Government and politics
WASHINGTON - Congress has sent President Barack Obama a short-term spending bill that will keep the federal government operating through Wednesday and avert a government shutdown.
Senate passage came Saturday with only hours to spare before an earlier stopgap measure was set to expire.
By a voice vote, senators approved the latest short-term funding bill as lawmakers continue to wrangle over a $1.1 trillion spending package and Obama's nominations.
That package would cover much of the government through most of 2015.
WASHINGTON - Thousands of protesters marched down iconic Pennsylvania Avenue on Saturday, arriving at the Capitol to call attention to the deaths of unarmed black men at the hands of police and call for legislative action.
"What a sea of people," said Gwen Carr, the mother of Eric Garner, killed by an officer in New York in July. "If they don't see this and make a change, then I don't know what we got to do. Thank you for having my back."
WARSAW, Poland - Thousands of supporters of a conservative opposition party in Poland marched on Saturday to protest the results of recent local elections, which party leader Jaroslaw Kaczynski says were falsified.
The November elections were marred by problems, with a computer glitch delaying results and many ballots declared invalid because voters apparently were confused and marked them incorrectly.
BAGHDAD - Islamic State group militants shot down an Iraqi military helicopter, officials said Saturday, killing the two pilots onboard and raising fresh concerns about the extremists' ability to attack aircraft amid ongoing U.S.-led coalition airstrikes.
KABUL - Three separate Taliban attacks killed at least 19 people in Afghanistan on Saturday, including a senior judicial official and personnel working to clear one of the most heavily mined regions of the world.
The attacks came amid a spike in violence just weeks before the international military mission in Afghanistan comes to an end on Dec. 31., 13 years after the September 11 attacks sparked a U.S.-led invasion to rid Afghanistan of the Taliban's extremist regime.
WASHINGTON - Congress on Friday sent President Barack Obama a massive U.S. defence policy bill that endorses his stepped-up military campaign of air strikes and training of Iraqis and moderate Syrian rebels in the war against Islamic State militants.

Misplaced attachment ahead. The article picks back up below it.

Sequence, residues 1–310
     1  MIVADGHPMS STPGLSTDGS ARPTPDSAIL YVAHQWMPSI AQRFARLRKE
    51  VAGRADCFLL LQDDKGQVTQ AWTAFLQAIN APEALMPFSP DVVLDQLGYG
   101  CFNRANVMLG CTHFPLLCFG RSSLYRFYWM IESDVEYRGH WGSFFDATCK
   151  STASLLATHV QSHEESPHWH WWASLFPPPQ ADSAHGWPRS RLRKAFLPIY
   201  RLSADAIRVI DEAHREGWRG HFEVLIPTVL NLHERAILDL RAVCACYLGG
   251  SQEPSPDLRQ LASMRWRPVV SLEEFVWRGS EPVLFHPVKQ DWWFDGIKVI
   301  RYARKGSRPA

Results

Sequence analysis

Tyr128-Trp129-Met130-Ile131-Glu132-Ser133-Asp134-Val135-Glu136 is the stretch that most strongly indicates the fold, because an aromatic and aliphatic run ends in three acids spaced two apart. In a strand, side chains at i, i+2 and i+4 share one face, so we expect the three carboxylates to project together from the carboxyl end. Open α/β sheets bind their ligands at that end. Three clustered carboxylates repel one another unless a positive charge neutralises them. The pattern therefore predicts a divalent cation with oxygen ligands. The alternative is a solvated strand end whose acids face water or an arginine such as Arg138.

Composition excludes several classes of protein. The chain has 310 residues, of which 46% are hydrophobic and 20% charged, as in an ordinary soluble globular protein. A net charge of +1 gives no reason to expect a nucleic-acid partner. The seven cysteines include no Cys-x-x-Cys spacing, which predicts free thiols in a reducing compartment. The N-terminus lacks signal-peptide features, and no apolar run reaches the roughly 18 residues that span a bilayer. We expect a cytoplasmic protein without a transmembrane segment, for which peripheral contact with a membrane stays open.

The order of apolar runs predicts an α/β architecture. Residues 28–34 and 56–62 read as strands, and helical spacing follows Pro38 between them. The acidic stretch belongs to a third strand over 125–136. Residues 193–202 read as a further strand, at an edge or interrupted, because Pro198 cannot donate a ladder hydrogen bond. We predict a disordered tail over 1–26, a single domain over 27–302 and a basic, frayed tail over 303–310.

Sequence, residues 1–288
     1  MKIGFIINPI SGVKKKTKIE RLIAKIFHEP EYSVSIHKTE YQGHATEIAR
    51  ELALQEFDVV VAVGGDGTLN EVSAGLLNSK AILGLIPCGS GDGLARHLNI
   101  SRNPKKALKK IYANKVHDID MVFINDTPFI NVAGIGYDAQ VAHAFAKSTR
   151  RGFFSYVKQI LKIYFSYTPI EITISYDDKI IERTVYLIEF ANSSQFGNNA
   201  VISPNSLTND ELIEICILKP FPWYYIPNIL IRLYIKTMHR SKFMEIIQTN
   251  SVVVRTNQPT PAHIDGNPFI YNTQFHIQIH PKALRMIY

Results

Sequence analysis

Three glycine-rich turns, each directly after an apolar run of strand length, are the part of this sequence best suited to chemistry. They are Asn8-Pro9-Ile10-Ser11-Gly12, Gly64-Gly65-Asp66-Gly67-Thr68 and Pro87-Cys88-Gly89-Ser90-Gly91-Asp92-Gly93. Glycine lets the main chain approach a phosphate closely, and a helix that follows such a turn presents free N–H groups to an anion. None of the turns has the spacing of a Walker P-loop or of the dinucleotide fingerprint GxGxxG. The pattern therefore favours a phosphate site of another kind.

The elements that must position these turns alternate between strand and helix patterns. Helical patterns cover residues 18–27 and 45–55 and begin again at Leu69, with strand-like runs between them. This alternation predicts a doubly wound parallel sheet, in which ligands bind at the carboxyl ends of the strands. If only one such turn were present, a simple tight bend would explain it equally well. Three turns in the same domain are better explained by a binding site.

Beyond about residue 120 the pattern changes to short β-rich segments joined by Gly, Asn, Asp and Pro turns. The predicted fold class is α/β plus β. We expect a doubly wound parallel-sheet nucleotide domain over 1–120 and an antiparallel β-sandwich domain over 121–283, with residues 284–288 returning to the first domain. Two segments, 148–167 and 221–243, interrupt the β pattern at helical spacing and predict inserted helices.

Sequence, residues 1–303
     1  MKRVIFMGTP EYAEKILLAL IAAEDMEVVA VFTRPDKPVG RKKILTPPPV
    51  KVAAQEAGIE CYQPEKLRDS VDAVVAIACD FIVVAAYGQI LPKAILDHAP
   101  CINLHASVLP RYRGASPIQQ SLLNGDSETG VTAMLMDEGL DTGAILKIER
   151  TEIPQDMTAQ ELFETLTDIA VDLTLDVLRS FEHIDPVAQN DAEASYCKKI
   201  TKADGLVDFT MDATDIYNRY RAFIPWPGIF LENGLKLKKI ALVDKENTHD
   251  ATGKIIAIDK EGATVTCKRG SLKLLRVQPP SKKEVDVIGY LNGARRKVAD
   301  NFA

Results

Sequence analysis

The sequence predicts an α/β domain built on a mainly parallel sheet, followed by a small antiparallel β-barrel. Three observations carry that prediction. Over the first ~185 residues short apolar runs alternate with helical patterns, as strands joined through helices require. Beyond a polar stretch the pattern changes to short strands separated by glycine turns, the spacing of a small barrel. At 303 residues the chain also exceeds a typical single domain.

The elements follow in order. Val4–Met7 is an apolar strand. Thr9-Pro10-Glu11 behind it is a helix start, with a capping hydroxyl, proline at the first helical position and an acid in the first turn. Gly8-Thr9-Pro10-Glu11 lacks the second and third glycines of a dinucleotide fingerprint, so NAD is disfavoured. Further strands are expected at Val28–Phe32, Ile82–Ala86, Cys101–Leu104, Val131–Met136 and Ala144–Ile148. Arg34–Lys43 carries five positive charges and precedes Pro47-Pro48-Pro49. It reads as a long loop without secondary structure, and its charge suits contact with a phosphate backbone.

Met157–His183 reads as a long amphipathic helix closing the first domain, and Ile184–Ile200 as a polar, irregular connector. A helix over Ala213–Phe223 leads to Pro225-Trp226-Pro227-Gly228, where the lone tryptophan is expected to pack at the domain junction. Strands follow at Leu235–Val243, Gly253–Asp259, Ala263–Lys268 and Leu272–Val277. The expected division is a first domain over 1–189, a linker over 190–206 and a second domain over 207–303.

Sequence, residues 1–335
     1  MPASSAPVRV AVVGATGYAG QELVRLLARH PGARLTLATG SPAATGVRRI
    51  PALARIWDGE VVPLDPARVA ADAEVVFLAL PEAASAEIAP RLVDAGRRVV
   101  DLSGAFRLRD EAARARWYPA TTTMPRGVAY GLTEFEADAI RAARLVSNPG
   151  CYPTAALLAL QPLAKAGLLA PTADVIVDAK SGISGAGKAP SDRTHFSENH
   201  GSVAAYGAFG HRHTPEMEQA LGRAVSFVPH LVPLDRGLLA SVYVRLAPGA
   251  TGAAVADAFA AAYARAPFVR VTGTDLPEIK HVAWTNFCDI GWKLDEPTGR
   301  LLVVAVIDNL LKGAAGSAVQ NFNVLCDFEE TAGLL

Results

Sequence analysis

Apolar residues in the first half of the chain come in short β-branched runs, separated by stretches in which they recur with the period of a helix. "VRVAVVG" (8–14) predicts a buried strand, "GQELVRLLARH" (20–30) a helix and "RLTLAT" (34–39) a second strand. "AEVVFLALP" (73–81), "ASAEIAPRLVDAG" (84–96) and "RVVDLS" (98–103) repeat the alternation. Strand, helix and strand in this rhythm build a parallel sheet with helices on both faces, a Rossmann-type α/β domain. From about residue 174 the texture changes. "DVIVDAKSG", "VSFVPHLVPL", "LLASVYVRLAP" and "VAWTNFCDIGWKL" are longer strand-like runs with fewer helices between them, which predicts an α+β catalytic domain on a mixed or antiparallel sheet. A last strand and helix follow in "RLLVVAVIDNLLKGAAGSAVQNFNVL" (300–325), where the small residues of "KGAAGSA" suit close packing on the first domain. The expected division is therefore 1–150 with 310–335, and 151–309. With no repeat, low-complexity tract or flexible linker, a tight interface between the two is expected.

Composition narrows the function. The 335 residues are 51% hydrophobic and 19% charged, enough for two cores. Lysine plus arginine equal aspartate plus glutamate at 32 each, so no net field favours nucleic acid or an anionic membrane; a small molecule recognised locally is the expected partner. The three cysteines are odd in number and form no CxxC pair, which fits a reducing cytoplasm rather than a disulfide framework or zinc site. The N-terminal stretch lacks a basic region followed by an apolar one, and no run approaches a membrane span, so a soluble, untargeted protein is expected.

The Senate overwhelmingly approved the bill that authorizes funds for basic military operations, including construction of new ships, aircraft, and weapons as well as a 1 per cent pay raise for the troops. The vote was 89-11.
HAVANA - Cuban rappers targeted by a clandestine U.S. program are "victims" unknowingly swept into an effort to spark an anti-government youth movement, the Cuban government said Friday in its first reaction to an Associated Press investigation into the initiative.
Vice Minister of Culture Fernando Rojas described the U.S. Agency for International Development program as "treachery" that drew in rappers Los Aldeanos and other Cuban musicians.
MILAN - Tens of thousands of union workers marched through more than 50 Italian cities on Friday to protest government economic reforms that they say erode their rights.
Non-union, anti-government protesters clashed with police in some cities, including Milan, where students dressed as Santa Claus jumped the fence at a regional government office building and threw bottles and other objects. Police dispersed that protest with tear gas; authorities said 11 officers were injured.
LONDON - The airspace over London was briefly closed Friday afternoon due to what authorities said was a computer failure at one of Britain's two air traffic control centres. The British government demanded an investigation into the "unacceptable" disruption.
The 35-minute shutdown caused flight delays in and out of London and flight slowdowns in other parts of Europe that officials said would linger into Saturday.
WASHINGTON - U.S. President Barack Obama says the Ray Rice domestic violence case showed that the National Football League was "behind the curve" in setting policies about athlete behaviour. He says new policies now in effect will send a message that there is no place for such behaviour.
He says in an interview Friday with Colin Cowherd on ESPN radio that "an old boys' network" at the NFL that had created "blind spots."
He says: "You don't want to be winging it when something like this happens; you want to have clear policies in place."